U.K. financial technology firm Revolut secured a big victory on Thursday in its quest to shake up European banking.
Revolut announced it was granted a banking license by the European Central Bank (ECB) that it will start to implement next year across key markets including the U.K., France, Germany and Poland.
The license will allow the fintech company to offer services typically provided by traditional banks, including full current accounts, consumer and business lending and overdrafts. Customers will also be able to deposit their salaries directly into Revolut accounts, with up to €100,000 covered under the European Deposit Insurance Scheme.
This is the first banking license Revolut has secured. It will take between three to six months to begin implementing the license, which was obtained through the Bank of Lithuania, across Europe, the company said.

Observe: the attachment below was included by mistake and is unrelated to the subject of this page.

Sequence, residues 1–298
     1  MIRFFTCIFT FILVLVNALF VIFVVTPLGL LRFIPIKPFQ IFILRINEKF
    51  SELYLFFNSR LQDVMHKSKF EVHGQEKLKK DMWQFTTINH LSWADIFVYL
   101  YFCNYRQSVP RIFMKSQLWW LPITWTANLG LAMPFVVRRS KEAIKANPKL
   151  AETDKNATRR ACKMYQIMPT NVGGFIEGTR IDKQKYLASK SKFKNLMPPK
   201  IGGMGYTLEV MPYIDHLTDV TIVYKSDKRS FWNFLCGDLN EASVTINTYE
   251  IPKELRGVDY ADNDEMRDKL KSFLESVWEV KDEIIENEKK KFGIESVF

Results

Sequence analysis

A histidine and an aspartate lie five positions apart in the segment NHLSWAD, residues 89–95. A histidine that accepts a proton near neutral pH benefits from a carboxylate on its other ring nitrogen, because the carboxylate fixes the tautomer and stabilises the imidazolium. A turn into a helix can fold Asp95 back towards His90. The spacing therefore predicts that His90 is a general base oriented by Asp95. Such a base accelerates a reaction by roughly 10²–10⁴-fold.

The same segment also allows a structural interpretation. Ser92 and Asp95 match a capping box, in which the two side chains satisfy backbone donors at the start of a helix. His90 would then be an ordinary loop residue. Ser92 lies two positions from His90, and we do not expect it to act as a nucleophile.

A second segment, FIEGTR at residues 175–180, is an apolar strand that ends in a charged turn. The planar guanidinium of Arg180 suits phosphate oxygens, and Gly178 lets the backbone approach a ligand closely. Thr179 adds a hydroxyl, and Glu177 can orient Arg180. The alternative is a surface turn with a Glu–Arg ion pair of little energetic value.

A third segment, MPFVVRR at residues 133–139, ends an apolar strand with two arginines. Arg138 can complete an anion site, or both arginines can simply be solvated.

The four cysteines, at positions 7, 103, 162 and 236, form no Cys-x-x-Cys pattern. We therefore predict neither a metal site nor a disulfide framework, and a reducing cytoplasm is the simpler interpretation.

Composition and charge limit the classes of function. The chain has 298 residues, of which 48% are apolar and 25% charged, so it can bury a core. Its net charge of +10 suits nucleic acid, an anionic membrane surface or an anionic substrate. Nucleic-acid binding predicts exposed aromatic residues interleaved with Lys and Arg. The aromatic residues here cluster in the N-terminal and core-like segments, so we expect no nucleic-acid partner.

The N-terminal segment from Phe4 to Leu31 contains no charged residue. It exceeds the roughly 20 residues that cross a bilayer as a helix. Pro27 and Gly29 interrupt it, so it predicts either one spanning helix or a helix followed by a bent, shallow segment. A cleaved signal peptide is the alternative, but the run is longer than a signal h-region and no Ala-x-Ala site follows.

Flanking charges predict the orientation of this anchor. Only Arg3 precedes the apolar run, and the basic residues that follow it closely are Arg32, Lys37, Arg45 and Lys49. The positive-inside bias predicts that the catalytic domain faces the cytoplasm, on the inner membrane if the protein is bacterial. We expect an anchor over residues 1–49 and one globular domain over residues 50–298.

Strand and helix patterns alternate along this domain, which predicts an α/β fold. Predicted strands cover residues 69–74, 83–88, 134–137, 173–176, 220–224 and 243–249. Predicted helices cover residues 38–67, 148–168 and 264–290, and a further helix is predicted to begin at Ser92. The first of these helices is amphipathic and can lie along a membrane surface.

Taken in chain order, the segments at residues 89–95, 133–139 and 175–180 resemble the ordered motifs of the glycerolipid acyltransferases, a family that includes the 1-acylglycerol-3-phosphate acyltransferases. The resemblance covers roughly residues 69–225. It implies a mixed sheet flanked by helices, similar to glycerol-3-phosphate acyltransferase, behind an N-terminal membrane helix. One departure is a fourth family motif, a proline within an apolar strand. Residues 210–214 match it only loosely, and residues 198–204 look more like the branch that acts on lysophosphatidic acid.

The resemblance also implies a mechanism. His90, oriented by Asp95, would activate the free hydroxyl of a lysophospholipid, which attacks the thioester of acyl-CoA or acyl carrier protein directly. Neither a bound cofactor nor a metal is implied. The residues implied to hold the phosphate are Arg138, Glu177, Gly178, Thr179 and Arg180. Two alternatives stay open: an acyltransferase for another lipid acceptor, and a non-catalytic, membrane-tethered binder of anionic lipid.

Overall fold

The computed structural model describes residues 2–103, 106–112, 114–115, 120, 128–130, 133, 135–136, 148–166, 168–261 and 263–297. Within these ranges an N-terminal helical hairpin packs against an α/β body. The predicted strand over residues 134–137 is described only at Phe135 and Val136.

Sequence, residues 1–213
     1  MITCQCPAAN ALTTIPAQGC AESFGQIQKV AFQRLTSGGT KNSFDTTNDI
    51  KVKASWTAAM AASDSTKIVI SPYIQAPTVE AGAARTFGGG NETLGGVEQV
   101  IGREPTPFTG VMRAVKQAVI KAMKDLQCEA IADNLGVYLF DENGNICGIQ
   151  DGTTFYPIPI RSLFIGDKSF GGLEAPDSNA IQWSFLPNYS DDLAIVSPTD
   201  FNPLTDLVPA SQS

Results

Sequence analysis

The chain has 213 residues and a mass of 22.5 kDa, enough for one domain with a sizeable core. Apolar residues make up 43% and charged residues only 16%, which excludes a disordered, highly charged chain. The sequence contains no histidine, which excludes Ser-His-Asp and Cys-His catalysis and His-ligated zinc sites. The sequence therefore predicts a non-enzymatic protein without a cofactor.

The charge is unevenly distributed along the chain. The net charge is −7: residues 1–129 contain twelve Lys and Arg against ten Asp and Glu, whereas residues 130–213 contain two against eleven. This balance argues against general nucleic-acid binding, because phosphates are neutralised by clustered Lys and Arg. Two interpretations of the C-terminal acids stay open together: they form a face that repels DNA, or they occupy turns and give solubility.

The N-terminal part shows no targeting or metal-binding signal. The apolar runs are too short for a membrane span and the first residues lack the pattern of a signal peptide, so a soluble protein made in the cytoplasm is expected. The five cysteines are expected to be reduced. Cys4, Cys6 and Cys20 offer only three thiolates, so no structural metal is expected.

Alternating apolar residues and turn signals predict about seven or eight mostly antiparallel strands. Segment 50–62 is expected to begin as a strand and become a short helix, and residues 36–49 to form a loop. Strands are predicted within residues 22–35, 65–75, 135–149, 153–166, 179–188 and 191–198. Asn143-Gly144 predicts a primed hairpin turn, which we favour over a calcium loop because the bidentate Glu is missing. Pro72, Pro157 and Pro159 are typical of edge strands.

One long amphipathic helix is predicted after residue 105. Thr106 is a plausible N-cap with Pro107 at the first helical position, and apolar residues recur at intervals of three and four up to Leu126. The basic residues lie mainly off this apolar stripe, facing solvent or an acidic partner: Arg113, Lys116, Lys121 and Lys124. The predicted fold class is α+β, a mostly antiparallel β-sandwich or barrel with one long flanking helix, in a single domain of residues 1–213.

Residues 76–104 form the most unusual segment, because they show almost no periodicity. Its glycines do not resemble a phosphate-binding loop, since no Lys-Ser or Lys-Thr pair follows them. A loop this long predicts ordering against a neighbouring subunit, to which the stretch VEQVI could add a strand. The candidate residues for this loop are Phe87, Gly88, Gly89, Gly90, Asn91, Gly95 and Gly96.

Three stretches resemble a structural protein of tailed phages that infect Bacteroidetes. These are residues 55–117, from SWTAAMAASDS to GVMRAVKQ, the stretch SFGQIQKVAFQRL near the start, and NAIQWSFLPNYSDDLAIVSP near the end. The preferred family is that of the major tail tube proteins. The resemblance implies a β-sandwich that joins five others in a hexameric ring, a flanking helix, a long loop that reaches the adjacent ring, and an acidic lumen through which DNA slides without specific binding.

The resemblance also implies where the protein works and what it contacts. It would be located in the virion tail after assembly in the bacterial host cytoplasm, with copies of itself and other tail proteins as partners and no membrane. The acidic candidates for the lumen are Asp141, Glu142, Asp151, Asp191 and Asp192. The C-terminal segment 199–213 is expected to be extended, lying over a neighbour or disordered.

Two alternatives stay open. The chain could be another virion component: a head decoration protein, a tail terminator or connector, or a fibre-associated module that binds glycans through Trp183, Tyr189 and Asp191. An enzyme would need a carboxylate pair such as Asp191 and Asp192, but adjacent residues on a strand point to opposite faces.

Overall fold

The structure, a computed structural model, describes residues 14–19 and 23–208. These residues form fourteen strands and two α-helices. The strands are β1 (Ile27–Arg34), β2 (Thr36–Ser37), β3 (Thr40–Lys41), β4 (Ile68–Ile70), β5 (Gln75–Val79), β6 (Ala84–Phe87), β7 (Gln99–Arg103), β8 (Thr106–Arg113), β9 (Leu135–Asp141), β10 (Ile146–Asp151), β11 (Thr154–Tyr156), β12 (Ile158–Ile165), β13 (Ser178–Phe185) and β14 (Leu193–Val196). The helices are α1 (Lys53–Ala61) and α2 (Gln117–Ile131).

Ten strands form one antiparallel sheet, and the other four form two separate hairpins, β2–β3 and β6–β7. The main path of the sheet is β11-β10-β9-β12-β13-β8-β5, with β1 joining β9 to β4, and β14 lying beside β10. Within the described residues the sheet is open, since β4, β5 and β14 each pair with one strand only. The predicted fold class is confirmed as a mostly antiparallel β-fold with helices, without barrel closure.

Revolut founder and CEO Nik Storonsky told CNBC earlier this week the European banking license will be "one of many," adding it is a "good feeling" to receive the first one. Storonsky said the firm plans to apply for a U.K. banking license as well, in part because of uncertainty around Brexit.
"If we feel a 'hard Brexit' happens, we'll definitely need to have a license here," he said.
Revolut is among a growing list of digital banks that have secured banking licenses as fintech start-ups take on incumbents in the financial services sector. The U.K.'s Monzo and Starling have both secured banking licenses in the U.K., while Germany's N26 received its European license in 2016.